Customer service jobs are often a foot in the door to higher-paying jobs in an industry. However, some customer service jobs require technical expertise, a college education and even certificates of proficiency. In most cases, knowledge of Microsoft Office, the ability to type at least 25 words per minute and, increasingly, the ability to speak multiple languages are helpful skills.
No matter what the position or industry, the most important customer service skills are patience, a pleasant personality and the ability to communicate well.
A career in customer service may span from an entry-level call-center job to customer service vice president. Below are descriptions of five growing customer service jobs.
Customer Service Representative
Also called customer care representatives, these workers are typically responsible for handling customer complaints and billing issues, basic troubleshooting and placing orders. This is typically the most entry-level of call-center jobs.
What’s Needed: Proficiency in data entry, computer programs and telephones. Patience, courtesy and the ability to work in a fast-paced environment are helpful. A high school diploma or GED is usually required.
Pay and Prospects: The median customer service representative salary was $30,460 in 2010, according to the Bureau of Labor Statistics (BLS). Jobs are expected to grow faster than the average for all occupations.
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Technical Support Representative
These customer service workers guide customers through solving technical problems. With some products, a tech support representative can remotely access the user’s computer or system and solve the problem directly. This is a more advanced type of call-center job, and weekend hours are often required.
What’s Needed: An associate’s or bachelor’s degree, and sometimes technical certificates. Strong analytical and problem-solving skills are required for resolving issues without having to refer customers to upper-level employees. Because customers are often frustrated, patience and interpersonal skills are even more critical in this job than in other customer service jobs.
Pay and Prospects: Technical support representative salaries range from $26,747 to $75,000, according to PayScale. If prospects follow general customer service representative jobs, growth should be better than average through 2018.
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Technical Support Analyst
These professionals make sure customers and end users receive clear instructions and guidance to resolve technical issues. They use in-depth knowledge of the technical aspects of the company's products to evaluate customer feedback and adjust support programs to better serve the representatives.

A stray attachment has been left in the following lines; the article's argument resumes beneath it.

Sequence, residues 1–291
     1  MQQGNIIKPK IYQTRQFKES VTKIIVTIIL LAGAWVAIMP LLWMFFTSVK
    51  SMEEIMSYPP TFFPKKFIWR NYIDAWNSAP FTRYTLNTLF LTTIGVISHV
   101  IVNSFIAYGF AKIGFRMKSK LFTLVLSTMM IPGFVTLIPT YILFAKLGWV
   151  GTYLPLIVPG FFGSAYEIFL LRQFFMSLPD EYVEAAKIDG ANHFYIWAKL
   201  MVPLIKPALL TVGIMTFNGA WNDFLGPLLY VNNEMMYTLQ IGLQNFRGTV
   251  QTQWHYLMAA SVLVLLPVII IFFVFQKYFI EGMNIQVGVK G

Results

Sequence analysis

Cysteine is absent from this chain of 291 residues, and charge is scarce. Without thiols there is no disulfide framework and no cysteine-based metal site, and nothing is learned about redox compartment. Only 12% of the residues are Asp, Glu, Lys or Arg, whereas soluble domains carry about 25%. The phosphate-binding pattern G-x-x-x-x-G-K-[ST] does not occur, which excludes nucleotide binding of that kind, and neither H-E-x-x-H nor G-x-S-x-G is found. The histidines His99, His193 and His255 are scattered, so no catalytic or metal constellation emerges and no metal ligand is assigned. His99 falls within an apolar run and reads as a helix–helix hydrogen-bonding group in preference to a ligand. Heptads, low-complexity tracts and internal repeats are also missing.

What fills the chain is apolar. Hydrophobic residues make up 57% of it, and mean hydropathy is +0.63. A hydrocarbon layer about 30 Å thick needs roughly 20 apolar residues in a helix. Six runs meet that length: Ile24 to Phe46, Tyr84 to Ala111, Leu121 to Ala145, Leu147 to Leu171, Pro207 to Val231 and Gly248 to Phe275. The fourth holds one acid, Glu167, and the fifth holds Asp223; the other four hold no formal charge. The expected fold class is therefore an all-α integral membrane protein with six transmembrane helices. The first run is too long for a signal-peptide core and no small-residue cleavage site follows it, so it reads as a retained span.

What’s Needed: In addition to having a high school diploma (or equivalent) and usually an associate’s or bachelor’s degree, tech support analysts are expected to be proficient at analyzing problems and recommending solutions to management.
Pay and Prospects: According to PayScale, salaries for technical support analysts in the US range from $34,518 to $68,436. The BLS does not recognize technical support analyst as a separate job category, but the hiring outlook is likely to be similar to that of technical support representatives.
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Technical Sales Support Representative
These customer support workers -- also known as sales engineers -- translate what customers want into products their companies can produce. These specialists may work for specific companies or as consultants for various companies.
What’s Needed: An associate’s or bachelor’s degree in engineering or other technical field. Though these are not sales jobs, good communication and interpersonal skills are needed to convey technical information and persuade clients.
Pay and Prospects: The median sales engineer salary in 2010 was $87,390, with the highest 10 percent earning more than $146,000, according to the BLS. The BLS estimates the need for technical sales support workers to grow 9 percent from 2008 to 2018.
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Sales Product Support Representative
These customer service reps answer customers’ prepurchase and post-purchase questions. They must be highly educated on the products the company sells.
What’s Needed: Confidence, energy, organizational skills and resilience. An associate’s or bachelor’s degree is usually required. Basic math skills are helpful if the job involves dealing with prices, deals and commissions.
Pay and Prospects: Sales product support representatives are often paid like salespeople, with a base salary plus commission. As with sales reps, wages vary greatly by industry and ability. Employment for sales representatives is expected to grow as fast as average from 2008 to 2018, according to the BLS.
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Learn more about customer service careers.